refer to: http://embedded-computing.com/articles/ruggedization-memory-module-design/
However, once the first bank became a victim, immediately all the other institutions started to learn more about the attacks, search for solutions, then deploy those solutions quickly. When I look at military cloud security solutions, there are many vendors and partners providing tools and solutions, but not many providing availability security embedded computer attacks are hurting the availability of online services and many antivirus vendors and firewall vendors do not focus on the availability aspect.” Cloud providers find protecting the shared infrastructure can be challenging because it is an expensive up-front cost, he continues.
refer to : http://mil-embedded.com/articles/cloud-security-the-dod/
Virtualization for embedded systems has many implementations in which two or more operating systems coexist to gain the benefits of each. One approach puts Microsoft Windows and a Real-Time Operating System (RTOS) together.
Much is being said about virtualization these days in the softwareworld. Simply stated, virtualization is about getting multiple OSs to run on the same computing platform at the same time. Virtualization has been cited as a key technology for getting the most performance out of the newest multicore processors. But just as not all computing applications are the same, not all virtualization approaches are appropriate for all applications.
Embedded Systems have a key requirement that doesn’t normally apply to office and server computers: the need for deterministic response to real-time events. To support the requirement for determinism, embedded applications typically use RTOSs. Embedded applications also employ general-purpose OSs to handle operator interfaces, databases, and general-purpose computing tasks.
In the past, because OSs couldn’t successfully co-reside on computing platforms, system developers employed multiple processing platforms using one or more to support real-time functions and others to handle general-purpose processing. System designers that can combine both types of processing on the same platform can save costs by eliminating redundant computing hardware. The advent of multicore processors supports this premise because it is possible to dedicate processor cores to different computing environments; however, the software issues posed by consolidating such environments require special consideration. Combining real-time and general-purpose operating environments on the same platform (Figure 1) places some stringent requirements on how virtualization is implemented.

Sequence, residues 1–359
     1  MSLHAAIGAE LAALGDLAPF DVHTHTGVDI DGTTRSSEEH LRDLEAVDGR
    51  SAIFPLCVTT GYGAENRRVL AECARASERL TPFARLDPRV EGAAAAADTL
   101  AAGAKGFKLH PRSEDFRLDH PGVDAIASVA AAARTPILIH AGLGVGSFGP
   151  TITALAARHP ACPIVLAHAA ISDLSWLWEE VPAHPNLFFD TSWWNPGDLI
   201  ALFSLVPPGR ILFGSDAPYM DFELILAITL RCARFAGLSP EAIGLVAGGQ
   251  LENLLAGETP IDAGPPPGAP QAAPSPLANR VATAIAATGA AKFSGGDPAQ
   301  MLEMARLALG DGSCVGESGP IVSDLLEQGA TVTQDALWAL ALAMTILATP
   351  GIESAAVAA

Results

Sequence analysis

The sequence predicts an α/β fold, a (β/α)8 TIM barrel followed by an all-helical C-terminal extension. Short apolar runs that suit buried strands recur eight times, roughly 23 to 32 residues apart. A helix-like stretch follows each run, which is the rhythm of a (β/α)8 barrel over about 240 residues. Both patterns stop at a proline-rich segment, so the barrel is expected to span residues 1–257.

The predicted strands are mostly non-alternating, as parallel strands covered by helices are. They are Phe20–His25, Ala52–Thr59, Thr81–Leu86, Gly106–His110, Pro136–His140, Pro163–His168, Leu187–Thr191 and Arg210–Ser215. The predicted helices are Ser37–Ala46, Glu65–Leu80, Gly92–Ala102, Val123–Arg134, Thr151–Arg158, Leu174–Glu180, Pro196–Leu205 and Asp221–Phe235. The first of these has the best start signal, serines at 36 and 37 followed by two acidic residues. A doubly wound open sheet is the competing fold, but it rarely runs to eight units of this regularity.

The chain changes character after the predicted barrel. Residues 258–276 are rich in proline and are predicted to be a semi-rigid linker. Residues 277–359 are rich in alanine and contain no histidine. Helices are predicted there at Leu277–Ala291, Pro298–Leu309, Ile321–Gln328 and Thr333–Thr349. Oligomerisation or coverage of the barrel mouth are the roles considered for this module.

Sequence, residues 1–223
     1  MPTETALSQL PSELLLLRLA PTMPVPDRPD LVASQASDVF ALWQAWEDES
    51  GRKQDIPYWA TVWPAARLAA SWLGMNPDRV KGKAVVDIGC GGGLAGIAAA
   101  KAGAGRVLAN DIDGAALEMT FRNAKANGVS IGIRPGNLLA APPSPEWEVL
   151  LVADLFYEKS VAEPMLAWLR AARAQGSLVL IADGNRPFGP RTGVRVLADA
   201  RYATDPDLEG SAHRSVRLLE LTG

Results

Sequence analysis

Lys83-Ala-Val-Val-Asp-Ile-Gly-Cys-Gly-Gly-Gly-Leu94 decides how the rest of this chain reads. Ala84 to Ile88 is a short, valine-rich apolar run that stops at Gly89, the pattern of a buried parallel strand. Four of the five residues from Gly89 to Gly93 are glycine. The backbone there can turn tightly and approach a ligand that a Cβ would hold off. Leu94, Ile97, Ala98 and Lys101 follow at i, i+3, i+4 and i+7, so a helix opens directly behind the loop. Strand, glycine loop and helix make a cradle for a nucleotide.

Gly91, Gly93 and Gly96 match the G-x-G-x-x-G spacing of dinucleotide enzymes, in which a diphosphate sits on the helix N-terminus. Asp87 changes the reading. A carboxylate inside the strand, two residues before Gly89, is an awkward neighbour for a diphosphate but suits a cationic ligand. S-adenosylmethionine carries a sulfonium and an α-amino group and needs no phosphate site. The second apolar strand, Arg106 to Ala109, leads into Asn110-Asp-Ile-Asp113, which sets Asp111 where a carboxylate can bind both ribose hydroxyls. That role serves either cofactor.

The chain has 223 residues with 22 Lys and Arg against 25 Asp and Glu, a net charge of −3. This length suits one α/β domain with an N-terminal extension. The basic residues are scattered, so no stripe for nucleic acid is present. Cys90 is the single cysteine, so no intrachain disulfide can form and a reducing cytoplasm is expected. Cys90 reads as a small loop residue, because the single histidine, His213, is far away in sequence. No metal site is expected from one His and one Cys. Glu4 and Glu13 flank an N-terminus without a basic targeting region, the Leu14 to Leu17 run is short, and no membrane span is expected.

3.Hardware-aided embedded virtualization
4.Leveraging Intel Architecture
5.Embedded virtualization saves costs
AMB-D255T1, which carries the Intel dual- core 1.86GHz Atom Processor D2550. AMB-D255T1 features powerful graphic performance via VGA and HDMI, DDR3 SO-DIMM support, mSATA socket with USB signals and SIM slot, and a DC jack for easy power in. AMB-D255T1 also provides complete I/O such as 4 x COM ports, 6 x USB2.0 ports, 1 x GbE RJ-45 port, 1 x SATA port with power connector.
AMB-D255T1 can support dual displays via VGA, HDMI or LVDS. AMB-D255T1 has one MiniPCIe type expansion slot with SIM card socket for customer’s expansion.
In vehicle computer, single board computer, Industrial PC
A Wi-Fi specification, (IEEE-802.11 a/b/g/n) is a commonly adopted technology for in-vehicle computer products. These are AP (Access Point) Mode and Station Mode for the Wi-Fi technologies. In general, the Wi-Fi module can only support Station Mode which allows user to connect to a local Access Point in range; however, acrosser has studied and reviewed numerous field applications and has took into consideration these results when the company designed their in-vehicle computer products, such as, the AR-V6100FL and AR-V6002FL. Acrosser Wi-Fi modules can support both AP Mode and Station Mode, allowing the user to switch mode during operation.
In vehicle computer, single board computer, Industrial PC
AR-V6005 & AR-V6100 support the optional GPS/GPRS/WiFi module inside one compact system, to fulfill the highly demand from telematic applications. In addition, acrosser In-Vehicle PC has excellent mechanical design to adapt high environment endurance that is certified to operate under Vibration 3G (follow IEC60068-2-64) and shock 50G 11ms (follow IEC60068-2-27), and fully compliant with in-vehicle computer application such as E -Mark Certification (E-13).